This law signaled a major change in the government’s relationship with the native peoples – Congress now deemed the Native Americans, not as nations outside of its jurisdictional control, but as wards of the government. By making Native Americans wards of the U.S. government, Congress presumed that it was better to make the policy of assimilation a widely recognized part of the cultural mainstream of America.
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Many U.S. government administrators perceived assimilation as the most effective solution to what they viewed as “the Indian problem,” and the only lasting means of guaranteeing U.S. interests in the West and the survival of the American Indians. In order to accomplish this, the government pushed Native Americans to move out of their customary dwellings, move into wooden houses and turn into farmers.
The federal government enacted laws that pressed Native Americans to quit their established appearance and way of living. Some laws outlawed customary religious practices while others required Indian males to cut their long locks. Agents on more than two-thirds of American Indian reservations organized tribunals to implement federal polices that often prohibited traditional ethnic and spiritual practices.
To speed the assimilation operation, the government established Indian facilities that attempted to quickly and vigorously Americanize Indian youth. According to the founder of the Carlisle Indian School in Pennsylvania, the schools were created to “kill the Indian and save the man.” In order to make this happen goal, the schools required students to speak only English, wear proper American fashion and to switch their Indian names with more “American” ones. These new policies brought Native Americans nearer to the end of their classic tribal identity and the beginning of their existence as citizens under the absolute control of the U.S. authorities.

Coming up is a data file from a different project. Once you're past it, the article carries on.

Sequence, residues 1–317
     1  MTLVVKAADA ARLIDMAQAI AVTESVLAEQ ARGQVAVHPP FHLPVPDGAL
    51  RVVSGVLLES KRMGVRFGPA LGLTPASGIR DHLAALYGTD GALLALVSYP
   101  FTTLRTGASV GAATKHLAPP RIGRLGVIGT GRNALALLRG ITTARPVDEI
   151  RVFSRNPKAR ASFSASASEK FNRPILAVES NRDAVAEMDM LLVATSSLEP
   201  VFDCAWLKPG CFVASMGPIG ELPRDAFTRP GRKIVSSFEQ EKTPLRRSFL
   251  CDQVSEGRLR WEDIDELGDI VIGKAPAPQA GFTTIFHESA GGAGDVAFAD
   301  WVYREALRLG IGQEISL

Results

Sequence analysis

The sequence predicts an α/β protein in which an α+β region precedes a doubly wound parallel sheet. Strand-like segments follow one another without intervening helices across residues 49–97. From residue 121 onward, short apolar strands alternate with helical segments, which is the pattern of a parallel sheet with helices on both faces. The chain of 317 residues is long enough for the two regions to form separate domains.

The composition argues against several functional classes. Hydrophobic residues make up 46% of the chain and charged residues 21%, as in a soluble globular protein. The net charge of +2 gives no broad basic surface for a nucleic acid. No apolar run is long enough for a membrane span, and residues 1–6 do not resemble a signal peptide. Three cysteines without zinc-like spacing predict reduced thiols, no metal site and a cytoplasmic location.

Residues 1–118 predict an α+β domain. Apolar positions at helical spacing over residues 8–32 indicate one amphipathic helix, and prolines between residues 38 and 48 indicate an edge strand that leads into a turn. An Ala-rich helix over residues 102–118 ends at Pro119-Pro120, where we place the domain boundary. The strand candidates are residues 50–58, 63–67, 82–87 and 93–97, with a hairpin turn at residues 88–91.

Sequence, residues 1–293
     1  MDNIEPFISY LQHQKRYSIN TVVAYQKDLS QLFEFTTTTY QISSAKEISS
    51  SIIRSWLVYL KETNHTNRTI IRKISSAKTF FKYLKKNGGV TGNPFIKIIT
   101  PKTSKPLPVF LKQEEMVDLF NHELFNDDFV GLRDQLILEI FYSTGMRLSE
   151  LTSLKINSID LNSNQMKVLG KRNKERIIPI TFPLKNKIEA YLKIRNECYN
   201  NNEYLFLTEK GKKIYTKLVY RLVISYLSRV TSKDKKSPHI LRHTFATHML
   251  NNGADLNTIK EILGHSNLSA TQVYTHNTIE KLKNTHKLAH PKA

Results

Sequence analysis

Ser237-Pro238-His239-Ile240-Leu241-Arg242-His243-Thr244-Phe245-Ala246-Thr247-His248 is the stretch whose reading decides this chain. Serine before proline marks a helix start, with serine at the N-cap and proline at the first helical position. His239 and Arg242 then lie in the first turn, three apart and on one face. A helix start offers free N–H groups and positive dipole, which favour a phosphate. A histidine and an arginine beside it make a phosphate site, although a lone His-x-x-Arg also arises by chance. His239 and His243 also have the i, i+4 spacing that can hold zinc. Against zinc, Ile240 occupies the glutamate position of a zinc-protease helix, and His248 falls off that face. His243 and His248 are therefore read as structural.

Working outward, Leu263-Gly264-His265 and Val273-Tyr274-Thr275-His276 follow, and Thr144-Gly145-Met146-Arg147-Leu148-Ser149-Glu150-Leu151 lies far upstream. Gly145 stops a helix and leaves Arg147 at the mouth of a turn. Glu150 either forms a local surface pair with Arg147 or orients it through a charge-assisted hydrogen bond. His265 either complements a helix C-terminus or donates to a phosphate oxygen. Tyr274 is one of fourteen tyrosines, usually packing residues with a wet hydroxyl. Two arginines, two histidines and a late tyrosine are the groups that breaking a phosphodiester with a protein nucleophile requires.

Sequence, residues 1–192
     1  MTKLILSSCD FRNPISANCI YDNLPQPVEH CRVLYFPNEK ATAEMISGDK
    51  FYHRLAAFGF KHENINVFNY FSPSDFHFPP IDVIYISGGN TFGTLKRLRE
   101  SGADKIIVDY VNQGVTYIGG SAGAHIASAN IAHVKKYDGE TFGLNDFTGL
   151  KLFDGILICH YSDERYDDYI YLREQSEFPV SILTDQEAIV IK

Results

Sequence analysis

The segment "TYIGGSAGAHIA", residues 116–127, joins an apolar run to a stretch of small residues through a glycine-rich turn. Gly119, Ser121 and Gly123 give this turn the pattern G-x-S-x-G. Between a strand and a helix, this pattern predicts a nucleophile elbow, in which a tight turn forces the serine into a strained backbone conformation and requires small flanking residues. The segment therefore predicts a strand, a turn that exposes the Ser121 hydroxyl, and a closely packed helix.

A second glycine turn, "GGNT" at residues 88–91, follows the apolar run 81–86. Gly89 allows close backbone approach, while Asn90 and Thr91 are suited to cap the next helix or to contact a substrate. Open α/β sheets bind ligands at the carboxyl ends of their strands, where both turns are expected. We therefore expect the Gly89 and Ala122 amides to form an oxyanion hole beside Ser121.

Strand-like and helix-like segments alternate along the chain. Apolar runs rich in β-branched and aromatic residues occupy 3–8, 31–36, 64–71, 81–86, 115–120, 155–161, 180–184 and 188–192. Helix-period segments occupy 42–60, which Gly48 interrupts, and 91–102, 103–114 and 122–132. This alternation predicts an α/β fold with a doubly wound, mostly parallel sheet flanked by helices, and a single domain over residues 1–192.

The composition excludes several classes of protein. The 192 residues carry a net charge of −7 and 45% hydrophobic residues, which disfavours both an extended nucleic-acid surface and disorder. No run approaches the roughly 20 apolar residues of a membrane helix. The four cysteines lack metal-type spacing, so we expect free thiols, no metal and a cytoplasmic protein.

Native American Treaties with the United States
In 1887, Congress approved the General Allotment Act, the most significant component of the U.S. government’s assimilation program, which was created to “civilize” American Indians by teaching them to be farmers. In order to accomplish this, Congress needed to create private ownership of Indian land by dividing reservations, which were collectively owned, and allowing each family their own block of land.
Additionally, by pushing the Native Americans onto small plots, western developers and settlers could purchase the left over land. The General Allotment Act, better known as the Dawes Act, required that the Indian lands be surveyed and each family be provided with an allotment of between 80 and 160 acres, while unmarried adults were given between 40 to 80 acres; the remaining acreage was to be sold. Congress was hoping that the Dawes Act would breakup Indian tribes and inspire individual enterprise, while cutting down the expense of Indian supervision and serving up prime property to be sold to white settlers.
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The Dawes Act turned out to be disastrous for the American Indians; over the next generations they existed under regulations that outlawed their traditional approach to life but failed to offer the crucial resources to support their businesses and families. Splitting the reservations into smaller parcels of land triggered the significant decrease of Indian-owned property. Within thirty years, the tribes had lost over two-thirds of the region that they had controlled before the Dawes Act was passed in 1887; the majority of the remaining land was sold to white settlers.
Regularly, Native Americans were cheated out of their allotments or were forced to sell off their property in order to pay bills and provide for their own families. As a result, the Indians were not “Americanized” and were generally not able to become self-supporting farmers or ranchers, like the creators of the Act had expected. This also developed anger among Indians for the U.S. government, as the allotment operation often ruined land that was the spiritual and social hub of their lives.
Native American Culture
Between 1850 and 1900, life for Native Americans changed substantially. Through U.S. government regulations, American Indians were forced from their homes as their native lands were parceled out. The Plains, which they had previously roamed without limits, were now inhabited with white settlers.
The Upshot of the Indian Wars
Over all these years the Indians have been defrauded out of their territory, food and lifestyle, as the federal government’s Indian regulations coerced them on to reservations and attempted to “Americanize” them. Many American Indian bands didn’t survive relocation, assimilation and military defeat; by 1890 the Native American population was reduced to less than 250,000 persons. As a result of generations of discriminatory and corrupt policies implemented by the United States government between 1850 and 1900, life for the American Indians was changed permanently.